Keeping Your Personal Life Separate from Work

In recent years there has been a blurring of professional and personal boundaries in the workplace. Traditionally, the office was a place of business that was quite distinct from the home. These days, things are not as simple.

Workplace cultures tend to be more relaxed and colleagues, in many settings, are on more familiar terms than in previous generations.

Workplace cultures vary, and some workplaces may tolerate or even encourage people to openly talk about their personal lives.

People’s personalities, however, vary. What if you don’t feel comfortable about talking about your personal life in a workplace where people tend to be quite open?

Some members of staff, particularly managers, may wish to present a professional image and would rather keep conversations work-related and not share too much about their personal lives.

At the same time, however, they might still wish to form good relationships with their colleagues, and not appear aloof or stand-offish.

So how can we keep our professional and personal lives separate?

Firstly, it’s important to set boundaries. Be clear with yourself about the areas of your life that you are prepared to talk about with your colleagues.

Areas that you may not wish to talk about include:

  • your love life
  • your family life
  • your social life
  • your religious beliefs
  • your political beliefs
  • your medical history

It’s also worth bearing in mind that your colleagues might not feel comfortable talking about such issues, even if you are – so questioning people on their religious beliefs, love life etc. might not be appropriate and could cause offence or conflict.

If you want to keep your personal life separate, then don’t take personal phone calls in work. Doing so might invite questions and frequent calls will also look unprofessional – and can even get you into trouble.

Similarly, don’t use work emails for personal things. It may be against office rules and remember, your boss can look at any work emails you’ve sent or received.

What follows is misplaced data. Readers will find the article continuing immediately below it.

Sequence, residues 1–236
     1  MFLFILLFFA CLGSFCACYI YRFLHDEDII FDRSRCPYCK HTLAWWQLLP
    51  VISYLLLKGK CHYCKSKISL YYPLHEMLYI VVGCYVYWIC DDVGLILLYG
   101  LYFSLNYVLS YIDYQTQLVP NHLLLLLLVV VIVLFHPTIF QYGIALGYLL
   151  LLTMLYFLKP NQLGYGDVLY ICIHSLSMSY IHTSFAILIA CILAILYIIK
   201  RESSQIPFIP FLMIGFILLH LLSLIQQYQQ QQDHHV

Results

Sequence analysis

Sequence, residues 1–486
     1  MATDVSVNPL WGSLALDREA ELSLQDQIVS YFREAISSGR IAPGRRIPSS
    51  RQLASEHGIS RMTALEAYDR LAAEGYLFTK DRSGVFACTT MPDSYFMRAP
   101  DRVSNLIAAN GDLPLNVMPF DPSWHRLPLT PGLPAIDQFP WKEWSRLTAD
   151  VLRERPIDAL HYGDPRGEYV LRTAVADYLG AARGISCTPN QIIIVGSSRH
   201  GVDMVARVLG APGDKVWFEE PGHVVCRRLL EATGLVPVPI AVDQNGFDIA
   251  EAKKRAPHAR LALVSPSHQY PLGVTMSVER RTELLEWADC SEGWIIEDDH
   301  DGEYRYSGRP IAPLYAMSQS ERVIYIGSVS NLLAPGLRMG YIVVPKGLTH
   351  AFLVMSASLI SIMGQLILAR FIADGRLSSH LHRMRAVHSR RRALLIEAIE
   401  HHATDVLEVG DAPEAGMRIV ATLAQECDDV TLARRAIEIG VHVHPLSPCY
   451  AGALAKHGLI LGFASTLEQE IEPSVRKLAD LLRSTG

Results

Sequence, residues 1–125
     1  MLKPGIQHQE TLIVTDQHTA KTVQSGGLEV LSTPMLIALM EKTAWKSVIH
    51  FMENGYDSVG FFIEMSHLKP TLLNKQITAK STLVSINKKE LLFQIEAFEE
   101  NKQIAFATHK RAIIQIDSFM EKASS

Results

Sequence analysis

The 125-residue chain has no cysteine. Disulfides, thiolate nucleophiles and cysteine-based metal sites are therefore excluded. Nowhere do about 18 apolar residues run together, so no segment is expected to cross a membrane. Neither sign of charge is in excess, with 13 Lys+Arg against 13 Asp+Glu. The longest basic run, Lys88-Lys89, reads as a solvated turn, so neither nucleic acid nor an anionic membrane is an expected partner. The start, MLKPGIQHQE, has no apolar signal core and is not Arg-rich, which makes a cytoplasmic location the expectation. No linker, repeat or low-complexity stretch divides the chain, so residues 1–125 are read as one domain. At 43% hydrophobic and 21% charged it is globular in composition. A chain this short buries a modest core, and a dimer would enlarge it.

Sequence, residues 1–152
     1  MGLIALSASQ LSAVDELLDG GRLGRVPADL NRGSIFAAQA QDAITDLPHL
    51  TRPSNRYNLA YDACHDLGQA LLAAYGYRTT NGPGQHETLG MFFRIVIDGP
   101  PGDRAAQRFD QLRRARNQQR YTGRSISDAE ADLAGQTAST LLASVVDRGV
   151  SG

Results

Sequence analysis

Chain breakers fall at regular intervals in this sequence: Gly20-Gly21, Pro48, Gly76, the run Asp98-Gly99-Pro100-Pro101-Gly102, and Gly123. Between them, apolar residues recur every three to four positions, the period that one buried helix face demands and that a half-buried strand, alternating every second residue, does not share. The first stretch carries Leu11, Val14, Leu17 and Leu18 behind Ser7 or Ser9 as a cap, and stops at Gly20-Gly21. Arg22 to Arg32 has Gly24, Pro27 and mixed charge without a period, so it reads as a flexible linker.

If things are difficult at home, it can be hard not to let it show at work. Coming to work stressed or tired, is likely to be noticed and colleagues may ask questions.

Some people find it helpful to talk to a friendly colleague about their problems but not everyone wants the attention.

Don’t try to deal with home-related issues when in work unless urgent. It will draw attention to you and risks looking unprofessional.

However, there is a danger that an unwillingness to ‘open-up’ to your colleagues can leave you looking stand-offish and unsocial.

Instead, focus on ‘safe’ topics of conversation, which may include:

  • work
  • sport
  • television
  • culture
  • current affairs

If conversation, either in groups or one-to-one, turns to personal matters which you find uncomfortable, you could politely excuse yourself from the conversation or deflect attention from yourself. If people persist in questing you about your personal life or things you are not comfortable about, it might be best to explain politely that you don’t like talking about your personal life in work

These days many of us put a lot of information about ourselves on social media, often without considering the consequences of who might see it. When using social media, you should:

  • check your privacy settings
  • not put material online that you would not want people (colleagues or otherwise) to see
  • consider engaging with colleagues on some social media platforms but not others (e.g. Facebook for friends; LinkedIn for colleagues)

Fundamentally, what you share with colleagues is up to you and you should not feel pressurised into talking about things that you find uncomfortable. Remember that your colleagues also have that same right. If your workplace culture allows it, you may wish to ‘open-up’ to your colleagues, provided they are happy with you to do so, of course!

About the author

Lisa joined RWA in 2014 as an e-Learning Assistant, designing training material for the Aviva Development Zone e-learning platform.

Her role as Head of Content and Communications involves the editorship of RWA Insight. It also includes reviewing e-learning content as well as providing proofreading, copywriting and standards support across the business.

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